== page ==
Friday Takeaway: Ruth, a fighter for women and minorities

  • Jerrey Roberts photo Jerrey Roberts photo

For Hampshire Life
Published: 10/10/2019 4:38:56 PM
Modified: 10/10/2019 4:38:46 PM

She wears her Jewishness with humility. Her demeanor makes her extraordinarily personable, to the point of inviting others to think of her in simple ways. Yet she is a titan.

In an age of fallen idols, she is unfailing in her fortitude. Justice Ruth Bader Ginsburg (“Notorious R.B.G.,” after the rapper “Notorious B.I.G.,” another Brooklynite) isn’t the first Jewish judge to be appointed to the U.S. Supreme Court — alphabetically, Brandeis, Breyer, Cardoso, Fortas, Frankfurter and Goldberg preceded her — but she is the first Jewish woman.

I am in awe of her intelligence. She visibly enjoys pondering things, calmly seeing their two sides. Her ideas have edge, roundness. She speaks softly, calibrating each of her words with admirable ease yet still sounding spontaneous. She knows that to think clearly, unimpeded, is to be.

Her life-long quest is for equal protection. More than anything else, Justice Ginsburg is a fighter for the rights of women and minorities. She understands that, in a country where inequality runs rampant from the moment the Constitution was drafted, such fight is unending. The fight must be made one step at a time. Of the three branches of government, the Supreme Court isn’t active but reactive: it waits for people to come to it in order to legislate on a given matter. In other words, it depends on patience. Justice Ginsburg is a master of patience.

Her first name is biblical but the biblical Ruth, a Moabite who married an Israelite, isn’t resonant in terms of her personality. She has more in common with other characters, for instance Deborah the judge and Miriam and Huldah the prophetesses.

To me Justice Ginsburg is a reminder of the long absences of women in Jewish jurisprudence. The Sanhedrin, the rabbinical courts that functioned as tribunals in ancient Israel, mostly excluded women, who it considered impure. Rabbi Akiva, Saadia Gaon, Maimonides, Rashi, Baal Shem Tov, the Vilna Gaon, and other rabbis are always men. Women are subservient.

Recently, I have delved into the life of the legendary Bruriah, daughter of Rabbi Haninah ben Teradion, a leader who was martyred for his faith by the Roman Empire. Bruriah had two siblings: a sister, who was sold into sexual slavery; and a brother, who, realizing he couldn’t match Bruriah’s talents as a teacher, turned into crime.

Bruriah is among the very few Jewish female sages in the Talmud. But she is a mystery, her raw story left untold, for others to speculate. Rashi, the medieval French commentator, was among those offering an explanation. To prove that women were weak (e.g., “light-minded”), Bruriah’s husband, Rabbi Meir, one in the lineage of Tannaim, encouraged a pupil to seduce his wife. After falling for the pupil, Bruriah committed suicide, which, in and of itself, is the most serious offense in Judaism. That’s why, according to Rashi, we know nothing about her: because she defied the divine power by taken her life.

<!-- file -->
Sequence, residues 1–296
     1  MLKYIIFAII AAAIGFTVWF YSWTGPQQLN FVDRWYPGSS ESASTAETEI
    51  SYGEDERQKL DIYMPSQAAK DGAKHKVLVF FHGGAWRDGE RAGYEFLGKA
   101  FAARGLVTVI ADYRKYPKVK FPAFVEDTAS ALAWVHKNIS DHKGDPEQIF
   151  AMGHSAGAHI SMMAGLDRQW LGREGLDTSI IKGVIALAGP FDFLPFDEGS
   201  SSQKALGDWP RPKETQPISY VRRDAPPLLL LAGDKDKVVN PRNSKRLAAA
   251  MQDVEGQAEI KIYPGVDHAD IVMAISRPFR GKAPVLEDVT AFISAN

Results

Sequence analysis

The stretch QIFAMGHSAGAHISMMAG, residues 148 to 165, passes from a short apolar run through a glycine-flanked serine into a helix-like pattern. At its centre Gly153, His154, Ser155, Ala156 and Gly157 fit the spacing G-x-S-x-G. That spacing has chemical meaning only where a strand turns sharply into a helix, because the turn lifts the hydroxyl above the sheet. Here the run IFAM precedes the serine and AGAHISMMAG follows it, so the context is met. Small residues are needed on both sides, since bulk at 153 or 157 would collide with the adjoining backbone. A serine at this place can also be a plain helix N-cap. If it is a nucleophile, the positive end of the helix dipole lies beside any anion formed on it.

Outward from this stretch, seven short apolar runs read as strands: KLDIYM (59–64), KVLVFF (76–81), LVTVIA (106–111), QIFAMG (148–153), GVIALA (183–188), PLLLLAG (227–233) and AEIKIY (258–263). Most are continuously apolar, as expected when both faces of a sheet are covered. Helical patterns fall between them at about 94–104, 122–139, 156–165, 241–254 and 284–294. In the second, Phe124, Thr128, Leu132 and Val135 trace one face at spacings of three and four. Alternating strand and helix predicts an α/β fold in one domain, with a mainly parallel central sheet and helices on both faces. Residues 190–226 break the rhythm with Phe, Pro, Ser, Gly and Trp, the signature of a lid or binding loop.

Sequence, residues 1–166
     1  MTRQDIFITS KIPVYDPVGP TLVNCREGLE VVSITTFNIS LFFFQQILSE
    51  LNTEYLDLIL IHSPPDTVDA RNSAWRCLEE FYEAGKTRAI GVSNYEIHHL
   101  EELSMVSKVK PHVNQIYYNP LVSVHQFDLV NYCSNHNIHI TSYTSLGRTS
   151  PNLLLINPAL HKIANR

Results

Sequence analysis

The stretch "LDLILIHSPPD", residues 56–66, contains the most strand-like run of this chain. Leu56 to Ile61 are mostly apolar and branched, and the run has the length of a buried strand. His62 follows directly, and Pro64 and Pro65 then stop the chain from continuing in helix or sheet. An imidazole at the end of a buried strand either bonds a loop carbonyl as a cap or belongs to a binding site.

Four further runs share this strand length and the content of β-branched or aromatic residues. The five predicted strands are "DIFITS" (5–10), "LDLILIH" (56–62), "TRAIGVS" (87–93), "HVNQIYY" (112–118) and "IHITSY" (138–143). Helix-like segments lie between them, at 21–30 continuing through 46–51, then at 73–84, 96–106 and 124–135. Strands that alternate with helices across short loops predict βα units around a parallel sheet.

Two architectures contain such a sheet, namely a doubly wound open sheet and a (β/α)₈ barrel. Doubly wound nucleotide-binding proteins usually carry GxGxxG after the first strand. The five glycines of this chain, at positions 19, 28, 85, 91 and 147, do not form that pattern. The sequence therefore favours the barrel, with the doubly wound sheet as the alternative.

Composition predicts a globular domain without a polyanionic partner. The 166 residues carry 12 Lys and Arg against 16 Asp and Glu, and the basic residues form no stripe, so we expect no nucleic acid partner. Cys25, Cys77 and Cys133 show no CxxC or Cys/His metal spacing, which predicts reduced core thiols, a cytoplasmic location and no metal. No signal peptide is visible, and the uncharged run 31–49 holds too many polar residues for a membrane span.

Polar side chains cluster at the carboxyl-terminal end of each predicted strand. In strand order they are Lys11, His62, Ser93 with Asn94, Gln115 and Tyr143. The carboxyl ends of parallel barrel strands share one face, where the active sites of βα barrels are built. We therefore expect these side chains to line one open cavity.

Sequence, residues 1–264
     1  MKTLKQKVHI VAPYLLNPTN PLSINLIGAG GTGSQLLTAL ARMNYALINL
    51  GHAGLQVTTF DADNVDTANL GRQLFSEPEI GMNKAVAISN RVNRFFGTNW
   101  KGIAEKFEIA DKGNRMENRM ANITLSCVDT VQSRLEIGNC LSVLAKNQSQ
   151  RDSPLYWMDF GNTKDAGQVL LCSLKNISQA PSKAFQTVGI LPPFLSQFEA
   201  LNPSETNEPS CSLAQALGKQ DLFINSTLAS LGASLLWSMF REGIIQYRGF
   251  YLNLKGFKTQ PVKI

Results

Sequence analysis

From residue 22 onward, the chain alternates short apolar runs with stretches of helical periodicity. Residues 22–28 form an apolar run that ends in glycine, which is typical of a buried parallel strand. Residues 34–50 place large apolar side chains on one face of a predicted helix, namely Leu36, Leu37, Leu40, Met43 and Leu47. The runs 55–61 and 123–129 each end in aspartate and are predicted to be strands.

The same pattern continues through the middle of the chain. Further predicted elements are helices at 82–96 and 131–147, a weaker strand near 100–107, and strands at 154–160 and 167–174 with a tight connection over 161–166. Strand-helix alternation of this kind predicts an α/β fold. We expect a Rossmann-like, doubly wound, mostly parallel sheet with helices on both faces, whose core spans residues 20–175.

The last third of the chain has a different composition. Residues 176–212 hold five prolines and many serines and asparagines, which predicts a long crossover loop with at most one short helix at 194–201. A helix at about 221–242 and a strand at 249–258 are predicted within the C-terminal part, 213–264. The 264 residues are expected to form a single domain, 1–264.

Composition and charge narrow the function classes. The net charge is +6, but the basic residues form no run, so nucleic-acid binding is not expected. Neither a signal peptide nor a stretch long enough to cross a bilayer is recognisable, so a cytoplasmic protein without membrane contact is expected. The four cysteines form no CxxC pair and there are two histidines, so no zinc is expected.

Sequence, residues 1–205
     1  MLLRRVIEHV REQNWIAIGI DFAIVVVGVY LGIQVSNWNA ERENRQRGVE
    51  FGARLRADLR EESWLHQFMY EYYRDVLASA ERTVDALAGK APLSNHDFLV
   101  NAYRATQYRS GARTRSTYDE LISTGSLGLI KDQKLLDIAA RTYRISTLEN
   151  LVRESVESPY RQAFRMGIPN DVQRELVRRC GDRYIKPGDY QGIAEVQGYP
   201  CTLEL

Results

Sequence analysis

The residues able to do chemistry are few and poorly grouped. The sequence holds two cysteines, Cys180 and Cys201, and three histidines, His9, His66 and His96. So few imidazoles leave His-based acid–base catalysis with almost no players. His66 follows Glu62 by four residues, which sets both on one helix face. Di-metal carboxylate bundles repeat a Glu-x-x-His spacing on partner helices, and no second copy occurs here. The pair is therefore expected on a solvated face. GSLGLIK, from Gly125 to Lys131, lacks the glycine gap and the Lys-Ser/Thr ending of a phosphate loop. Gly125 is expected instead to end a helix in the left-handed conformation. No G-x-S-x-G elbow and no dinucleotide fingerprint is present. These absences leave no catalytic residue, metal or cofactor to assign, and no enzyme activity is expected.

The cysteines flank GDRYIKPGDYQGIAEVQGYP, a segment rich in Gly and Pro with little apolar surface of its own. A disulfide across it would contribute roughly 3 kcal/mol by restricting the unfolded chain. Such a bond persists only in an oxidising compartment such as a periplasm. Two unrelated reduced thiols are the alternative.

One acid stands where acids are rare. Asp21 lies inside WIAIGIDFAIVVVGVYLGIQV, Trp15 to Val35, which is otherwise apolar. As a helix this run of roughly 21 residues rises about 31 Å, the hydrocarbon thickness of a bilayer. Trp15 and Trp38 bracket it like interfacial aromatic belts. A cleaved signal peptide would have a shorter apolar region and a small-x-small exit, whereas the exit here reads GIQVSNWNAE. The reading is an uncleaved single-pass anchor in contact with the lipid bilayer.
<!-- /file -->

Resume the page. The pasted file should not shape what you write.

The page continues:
Was Bruriah guilty? Should those who pushed her over the edge be judged more sternly? Justice Ginsburg (her married name comes from her husband, Martin Ginsburg) makes any such extreme redundant. Upon seeing her, one feels as if the wind could suddenly blow her away — she projects such fragility. Yet just minutes after the conversation has started, it is clear she is solid as a rock. She likes to repeat that, had she not been a lawyer, she would have liked to be an opera diva. But by her own admission — and fortunately for us — she is tone-deaf.

How different would Jewish history, and Jewish law, had been if more Ruths, more Deborahs, more Miriams and Huldahs, had taken a protagonist role? Even nowadays, among the rabbinical elite in Israel and abroad, little room exists for the likes of her.

On the topic of deafness, I love how Justice Ginsburg exhorts us to listen. We have forgotten how to do it, she admonishes. Without listening, we are all trapped into a box of resonance. She states that when she got married, the best recommendation her mother-in-law gave her was not to listen to everything. I agree: the best marriages, the ones that survive, depend on not taking themselves too seriously.

That she cares deeply about her Jewishness and doesn’t see it as an aside is resonant to me. Her vast memory and ongoing devotion to wisdom (she is able to retrieve with ease details of a long-ago case, or the twist of sentence in a favorite book) is proof of it.

I am particularly enthralled by her relationship with Justice Antonin Scalia. It is difficult to imagine two more formidable opponents, one on the right, the other on the left. They respected each other thoroughly, frequently laughing together. There is an opera by Derrick Wang about them, directed by Lorin Maazel (in Hebrew).

When asked about the turbulent present period in American history, Justice Ginsburg described it, succinctly, as an aberration. It is indeed: Trump is un-American in every way; or maybe he is hyper-American, synthesizing in one single individual the worst this country has to offer. In contrast, Justice Ginsburg is subtle, discreet. After bouts of cancer and other indignities, she says she will outlast the ogre, not allowing him to steal away her coveted Supreme Court seat.

Her intellectual elegance comes across in her conviction that reacting in anger doesn’t advance one’s ability to persuade, that it is our fault if and when words fail us, and that time is the wisest sage.

Ilan Stavans is the Lewis-Sebring Professor of Humanities and Latin American and Latino Culture at Amherst College, the publisher of Restless Books, and the host of “In Contrast” on NEPR.




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